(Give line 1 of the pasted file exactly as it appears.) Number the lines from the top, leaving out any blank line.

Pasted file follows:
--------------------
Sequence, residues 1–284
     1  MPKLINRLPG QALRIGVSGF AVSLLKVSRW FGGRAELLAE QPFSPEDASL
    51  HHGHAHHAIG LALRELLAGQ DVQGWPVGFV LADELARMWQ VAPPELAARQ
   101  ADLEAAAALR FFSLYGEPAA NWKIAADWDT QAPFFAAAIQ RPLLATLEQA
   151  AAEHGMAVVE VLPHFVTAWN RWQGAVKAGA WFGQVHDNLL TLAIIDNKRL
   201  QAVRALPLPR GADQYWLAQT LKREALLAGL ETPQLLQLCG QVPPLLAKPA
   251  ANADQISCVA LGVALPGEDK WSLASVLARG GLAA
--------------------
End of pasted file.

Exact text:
Sequence, residues 1–284